For this very reason, make every effort to add to your faith goodness; and to goodness, knowledge; and to knowledge, self-control; and to self-control, perseverance; and to perseverance, godliness; and to godliness, mutual affection; and to mutual affection, love. For if you possess these qualities in increasing measure, they will keep you from being ineffective and unproductive in your knowledge of our Lord Jesus Christ. But whoever does not have them is nearsighted and blind, forgetting that they have been cleansed from their past sins.
Therefore, my brothers and sisters, make every effort to confirm your calling and election. For if you do these things, you will never stumble, and you will receive a rich welcome into the eternal kingdom of our Lord and Savior Jesus Christ. (2 Peter 1:5-11)
There are things in life that get easier, the longer that you do them. You develop skills and strengths which make moving ahead easier than it was at the beginning. In the case of employment, it really needs to work that way, so that you can increase your value over time. If your employer can get more from you, they can justify paying you more. If you stop increasing your ability to do your job, whether by laziness or just because of some natural limit you have, your employment might come into question.
Other things in life become harder, the longer you do them. Running a race is one of those things, because it is a battle of attrition. The longer you do it, the more tired you become. Some pursuits require demands that are ongoing, and in those cases, it is by sheer will (and maybe a cup of water now and again) that we are able to keep up the pace.
The Christian life is portrayed as the latter, in scripture. Peter talks about making "every effort" to add to the foundation of the Christian life, which is our faith in Christ. It's like a series of steps up a ladder, or a sharp incline in a trek up a steep mountain, each one a little harder than the last. Once you trust in Christ, you need "goodness," which means making every effort to do the right thing. Then you must make every effort to learn more about who God is and what it means to follow Christ, which is "knowledge." Then apply effort to control your impulses, which is "self-control." Then learn how to persevere, which is the ability to not give in when your convictions are challenged. Then make the effort to live out a life of godliness, which is much harder than simply doing the right thing. And from there, the hardest of all -- caring for and attending to the needs of other people, which is "mutual affection," and at the pinnacle of the Christian life, showing other people love, which always involves true selflessness and self-sacrifice. We know it's the pinnacle and most difficult thing because it's typified by what Jesus did for all of us on the cross, to set our feet on his path.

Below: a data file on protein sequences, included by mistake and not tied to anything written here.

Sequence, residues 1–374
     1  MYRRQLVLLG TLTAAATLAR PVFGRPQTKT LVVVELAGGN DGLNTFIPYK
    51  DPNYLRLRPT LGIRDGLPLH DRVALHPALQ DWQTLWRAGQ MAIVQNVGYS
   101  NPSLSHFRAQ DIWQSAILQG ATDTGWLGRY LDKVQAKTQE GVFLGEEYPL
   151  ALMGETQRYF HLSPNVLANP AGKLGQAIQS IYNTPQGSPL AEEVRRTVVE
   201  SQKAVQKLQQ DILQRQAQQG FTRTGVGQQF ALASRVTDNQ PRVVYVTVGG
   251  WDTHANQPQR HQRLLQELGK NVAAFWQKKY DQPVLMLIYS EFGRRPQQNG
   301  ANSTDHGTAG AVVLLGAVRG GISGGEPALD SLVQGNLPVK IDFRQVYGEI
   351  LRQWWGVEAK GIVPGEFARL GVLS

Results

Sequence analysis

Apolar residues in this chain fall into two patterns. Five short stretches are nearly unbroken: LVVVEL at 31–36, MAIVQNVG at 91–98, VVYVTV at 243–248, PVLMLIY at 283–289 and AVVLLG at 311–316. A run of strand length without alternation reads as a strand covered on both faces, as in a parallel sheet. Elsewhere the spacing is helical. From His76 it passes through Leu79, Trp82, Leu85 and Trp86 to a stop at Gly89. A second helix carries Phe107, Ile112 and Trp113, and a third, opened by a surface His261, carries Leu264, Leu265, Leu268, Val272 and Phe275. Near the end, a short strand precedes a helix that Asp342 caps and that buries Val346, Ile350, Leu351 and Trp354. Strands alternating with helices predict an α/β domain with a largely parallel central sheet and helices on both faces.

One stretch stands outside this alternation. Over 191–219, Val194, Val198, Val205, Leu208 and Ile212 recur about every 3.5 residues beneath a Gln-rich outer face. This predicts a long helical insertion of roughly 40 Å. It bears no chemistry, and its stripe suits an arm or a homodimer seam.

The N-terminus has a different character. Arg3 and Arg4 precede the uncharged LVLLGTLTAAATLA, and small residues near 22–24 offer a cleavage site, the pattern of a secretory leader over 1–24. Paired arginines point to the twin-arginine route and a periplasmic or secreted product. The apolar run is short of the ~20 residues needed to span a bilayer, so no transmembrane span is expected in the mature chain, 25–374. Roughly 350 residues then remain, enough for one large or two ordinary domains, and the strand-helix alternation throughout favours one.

The most important thing about the procession that Peter outlines, I think, is the idea that all of this requires effort. Parts of the journey do get easier, the longer you do them, but they are never easy. There are always things slowing us, dragging us down, distracting us from the next step in the process. In a foot race, there is often a clearly marked path that is cordoned off from crowds and street traffic. It's not always like that in the Christian life; I feel like I'm running my race in the middle of a crowded and noisy shopping mall on Black Friday, trying to make forward progress but still balancing the load of other obligations while other people slam into me, some intentionally. It is tempting to retreat to a Christian social bubble where there are few distractions, but most of us don't have that option. We work and live in a secular world.
The fact that it's hard is no excuse, though. If I can't add godliness to my faith, or perseverance, or any of these other things, then it's only because I am not making the effort. When I don't make the effort, I get drawn back the way I came, or stumble down a side path that is a lot easier but takes me farther from the goal. It means, as Peter says, that I am nearsighted and blind, forgetting that I am cleansed from my past sins. If I don't remember why I am on the journey in the first place, and focus too much on the distractions instead of the finishing line, I am just nearsighted.
Peter refers to these qualities as confirming our calling and election. These are theological terms that mean outwardly demonstrating, both to ourselves and others, that God has chosen us (that's our "election") and has put us on this path of living for him (that's our "calling"). It takes effort -- he uses that same term again. And if we do make the effort, or rather, to the degree we make the effort, we won't stumble -- we will stay on track. And we will reach the goal, which is eternity with our Lord.
At times, I am nearsighted and blind, and I take a wrong turn. All I can do is shake it off, put my feet back on the path, and press ahead. It's not always as easy as it sounds, but that's the only way to reach the finish line. At the end, there is victory, and afterward, plenty of time to rest. The distractions will be gone. A cup of cold water awaits. And one, who will be holding it for me.